It’s pretty common for my clients to also use the services of a financial advisor. In fact, many of my clients who are putting a will together are referred to me by their financial advisor. Because a financial planner and an attorney are often working on similar goals for a client, there can often be confusion over who you should talk to. When you throw an accountant into the mix, it can seem like you are working with an ever growing team.
The key thing to remember is that you are the “owner” of the team. If you find one of your advisors is out of sync with the others, you are perfectly within your rights to swap them out for a different person. For this reason, it can be particularly helpful if your attorney, financial advisor and accountant know each other and are able to work well together. It saves you a lot of time (and fees). You can feel comfortable that they can talk amongst themselves. They can work together to devise a strategy that works best for you.
Financial Planning Consistent With Your Will
Your financial planning process is unique to you. There can be similar goals to others you know, but your personal situation is unique. Working with a financial planner, you can design your financial future. One of the most important components of that is what happens when you are dead.
The financial advisor can help you keep your assets in the right place so as to minimize any tax consequences that may occur when you die and your family inherits your estate. Maybe you want to roll the money over to your children’s retirement accounts. Perhaps your children are all financially independent and it would be a better idea to give the money to your grandchildren instead. Rather than having shoe boxes under your mattress for each grandchild, a financial advisor can help you put your money in a safe place. You can rest knowing that your wishes are being administered properly.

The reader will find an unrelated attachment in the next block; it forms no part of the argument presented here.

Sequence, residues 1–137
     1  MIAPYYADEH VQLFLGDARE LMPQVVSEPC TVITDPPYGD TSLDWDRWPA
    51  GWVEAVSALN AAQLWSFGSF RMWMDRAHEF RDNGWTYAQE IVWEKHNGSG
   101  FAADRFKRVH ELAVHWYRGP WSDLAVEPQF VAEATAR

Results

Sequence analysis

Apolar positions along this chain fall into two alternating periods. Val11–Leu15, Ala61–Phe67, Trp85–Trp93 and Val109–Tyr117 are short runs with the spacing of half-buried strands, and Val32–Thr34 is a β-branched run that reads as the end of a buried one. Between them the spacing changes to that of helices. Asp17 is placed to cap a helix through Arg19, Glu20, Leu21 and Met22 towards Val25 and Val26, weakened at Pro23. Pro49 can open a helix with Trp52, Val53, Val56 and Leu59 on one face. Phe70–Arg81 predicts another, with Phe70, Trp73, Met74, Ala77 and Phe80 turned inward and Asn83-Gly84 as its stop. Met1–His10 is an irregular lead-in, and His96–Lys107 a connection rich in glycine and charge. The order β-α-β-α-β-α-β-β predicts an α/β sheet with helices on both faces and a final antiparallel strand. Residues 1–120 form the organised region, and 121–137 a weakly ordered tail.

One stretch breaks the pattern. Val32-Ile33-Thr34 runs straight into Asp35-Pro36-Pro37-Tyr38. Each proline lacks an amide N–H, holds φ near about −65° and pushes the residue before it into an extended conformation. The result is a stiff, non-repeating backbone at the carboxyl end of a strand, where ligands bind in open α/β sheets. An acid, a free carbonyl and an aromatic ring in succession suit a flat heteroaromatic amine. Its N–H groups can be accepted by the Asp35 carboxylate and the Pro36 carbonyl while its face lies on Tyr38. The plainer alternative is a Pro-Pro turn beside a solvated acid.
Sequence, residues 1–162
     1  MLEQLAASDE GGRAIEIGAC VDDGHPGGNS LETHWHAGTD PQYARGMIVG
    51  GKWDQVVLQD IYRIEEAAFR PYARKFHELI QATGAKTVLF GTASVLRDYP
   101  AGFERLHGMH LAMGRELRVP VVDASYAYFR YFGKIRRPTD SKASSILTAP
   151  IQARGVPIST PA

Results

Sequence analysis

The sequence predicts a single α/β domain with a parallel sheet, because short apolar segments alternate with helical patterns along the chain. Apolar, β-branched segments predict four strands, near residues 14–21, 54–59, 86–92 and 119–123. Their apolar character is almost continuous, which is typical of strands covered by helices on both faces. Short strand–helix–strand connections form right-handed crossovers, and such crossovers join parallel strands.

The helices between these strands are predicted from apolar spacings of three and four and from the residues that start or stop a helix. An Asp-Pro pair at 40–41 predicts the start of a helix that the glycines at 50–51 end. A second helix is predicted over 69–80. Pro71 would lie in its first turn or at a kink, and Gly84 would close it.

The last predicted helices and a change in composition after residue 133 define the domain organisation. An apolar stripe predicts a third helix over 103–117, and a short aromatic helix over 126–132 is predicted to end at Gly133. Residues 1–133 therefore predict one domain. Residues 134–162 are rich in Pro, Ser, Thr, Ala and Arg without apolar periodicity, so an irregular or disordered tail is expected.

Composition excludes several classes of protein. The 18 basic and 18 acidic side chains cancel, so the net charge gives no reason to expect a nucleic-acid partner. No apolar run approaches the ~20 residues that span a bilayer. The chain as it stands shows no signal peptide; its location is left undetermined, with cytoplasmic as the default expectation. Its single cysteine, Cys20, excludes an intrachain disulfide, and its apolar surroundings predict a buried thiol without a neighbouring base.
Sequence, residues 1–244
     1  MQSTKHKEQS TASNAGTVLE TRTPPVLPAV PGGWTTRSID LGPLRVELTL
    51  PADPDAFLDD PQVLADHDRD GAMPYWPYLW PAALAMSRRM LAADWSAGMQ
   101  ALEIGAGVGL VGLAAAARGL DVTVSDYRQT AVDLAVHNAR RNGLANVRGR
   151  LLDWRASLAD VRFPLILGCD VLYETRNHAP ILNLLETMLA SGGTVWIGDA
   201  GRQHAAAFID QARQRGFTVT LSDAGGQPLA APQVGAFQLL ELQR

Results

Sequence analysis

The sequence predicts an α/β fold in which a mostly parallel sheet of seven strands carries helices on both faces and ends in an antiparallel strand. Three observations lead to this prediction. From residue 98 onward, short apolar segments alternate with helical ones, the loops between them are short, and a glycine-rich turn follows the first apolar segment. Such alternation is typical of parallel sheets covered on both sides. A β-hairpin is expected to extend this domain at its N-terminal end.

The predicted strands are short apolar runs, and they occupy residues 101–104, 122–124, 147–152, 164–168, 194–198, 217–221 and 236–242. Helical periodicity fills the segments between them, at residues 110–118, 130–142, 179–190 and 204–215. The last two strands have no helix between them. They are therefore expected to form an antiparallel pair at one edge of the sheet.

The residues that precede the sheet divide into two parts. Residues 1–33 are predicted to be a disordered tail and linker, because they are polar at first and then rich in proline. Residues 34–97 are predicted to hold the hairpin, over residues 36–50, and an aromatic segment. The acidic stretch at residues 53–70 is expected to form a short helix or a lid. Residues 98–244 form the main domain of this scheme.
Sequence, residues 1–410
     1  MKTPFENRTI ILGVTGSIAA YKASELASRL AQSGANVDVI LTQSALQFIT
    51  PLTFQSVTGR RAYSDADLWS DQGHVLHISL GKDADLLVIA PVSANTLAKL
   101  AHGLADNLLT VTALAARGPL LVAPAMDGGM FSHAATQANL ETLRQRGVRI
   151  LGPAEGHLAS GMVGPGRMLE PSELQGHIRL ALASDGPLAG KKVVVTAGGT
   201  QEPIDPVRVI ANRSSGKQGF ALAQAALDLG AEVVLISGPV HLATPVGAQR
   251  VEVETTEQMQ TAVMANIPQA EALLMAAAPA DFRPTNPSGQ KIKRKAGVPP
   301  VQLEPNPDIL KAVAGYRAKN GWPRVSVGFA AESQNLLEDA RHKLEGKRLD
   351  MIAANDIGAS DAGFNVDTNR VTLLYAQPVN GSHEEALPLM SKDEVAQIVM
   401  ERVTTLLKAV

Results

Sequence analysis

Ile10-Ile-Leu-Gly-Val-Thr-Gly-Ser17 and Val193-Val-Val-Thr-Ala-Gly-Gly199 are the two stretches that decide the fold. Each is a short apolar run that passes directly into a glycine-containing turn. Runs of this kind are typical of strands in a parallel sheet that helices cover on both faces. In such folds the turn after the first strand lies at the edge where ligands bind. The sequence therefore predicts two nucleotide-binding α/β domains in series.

Nuts and Bolts
Accomplishing your goals takes the input of the financial planner in setting up your will. Do you have retirement accounts with beneficiaries? What about your house? Have you been paying for a life insurance policy for years? These all have different consequences when you die and should be discussed with both your financial planner and your attorney.
It is becoming increasingly common for my clients to ask me “What should I do with [insert financial asset here]?” Or I get asked “How much tax will I pay if I sell [insert asset here]?” While it is important to discuss these types of things with your attorney, these are both good questions for your financial advisor and your accountant. Sure, there are legal implications to each scenario. But if you have other trusted advisors, don’t leave them out of the process. Everyone should be involved to make sure you have all your bases covered.
** If you don’t have a financial advisor or accountant,
I’d be happy to introduce you to one (or both) depending on what your needs may be **
If you have your team assembled, it’s also important that everyone knows who to contact. Especially for your estate plan documents, it’s good to have the information in one place. To help with that, I’ve created the My Personal Planning Essentials checklist that you can download for free. Fill it out and keep it with your important documents.